Finally, Ohio Farmers has failed to direct our attention to any provision in the Act which requires enforcement action beyond that which DER appears to have taken here. Cf. American Casualty Co. v. Department of Environmental Resources, 65 Pa. Commonwealth Ct. 223, 441 A.2d 1383, 1388 (1982) (DER owed surety no duty of active diligence beyond that actually required by Anthracite Act).*fn9

In City of Harrisburg v. Guiles, 192 Pa. 191, 44 A. 50 (1899), our Supreme Court rejected an argument similar to the one advanced here by Ohio Farmers, noting that a surety is not relieved of its obligations even in a situation where a government has been indifferent to negligent enforcement of the law:

Both [Harrisburg and tax collector Guiles] were alike to blame, but neither can be found to have been guilty of fraud or crime. At the most, there were serious irregularities, but of these the city was under no obligation to notify the sureties. It was precisely against such lapses that the sureties' obligation was intended to protect the city.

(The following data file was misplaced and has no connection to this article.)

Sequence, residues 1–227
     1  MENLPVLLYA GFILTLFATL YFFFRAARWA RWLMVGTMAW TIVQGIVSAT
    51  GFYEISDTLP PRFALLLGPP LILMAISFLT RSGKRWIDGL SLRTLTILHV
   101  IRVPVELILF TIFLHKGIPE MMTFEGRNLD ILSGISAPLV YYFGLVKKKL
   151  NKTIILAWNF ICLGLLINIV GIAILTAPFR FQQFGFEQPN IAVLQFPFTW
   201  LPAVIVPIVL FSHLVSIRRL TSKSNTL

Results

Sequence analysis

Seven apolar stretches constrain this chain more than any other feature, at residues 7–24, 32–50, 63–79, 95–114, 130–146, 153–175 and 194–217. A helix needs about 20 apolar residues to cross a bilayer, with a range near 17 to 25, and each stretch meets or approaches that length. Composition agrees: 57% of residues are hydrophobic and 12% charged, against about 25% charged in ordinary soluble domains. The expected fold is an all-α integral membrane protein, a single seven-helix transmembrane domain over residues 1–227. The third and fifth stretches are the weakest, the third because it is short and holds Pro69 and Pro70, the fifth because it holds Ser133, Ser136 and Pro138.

192 Pa. at 198-99, 44 A. at 51.

[ 73 Pa. Commw. Page 25]

We therefore affirm the decision of the EHB, but with a modification as to the amount. Both parties agree that the EHB overstated the correct amount of Bond 435721 for Permit No. 40-19 (Curatola Pit) by $2,000. The correct amount for that bond should be $14,000, not $16,000. Therefore, the total amount in question here is $252,750. Our order will state that figure.


Now, March 18, 1983, the order of the Environmental Hearing Board, dated August 25, 1981, is affirmed, subject to the modification that Ohio Farmers Insurance Company make full and prompt payment to DER in the amount of $252,750.


Affirmed as modified.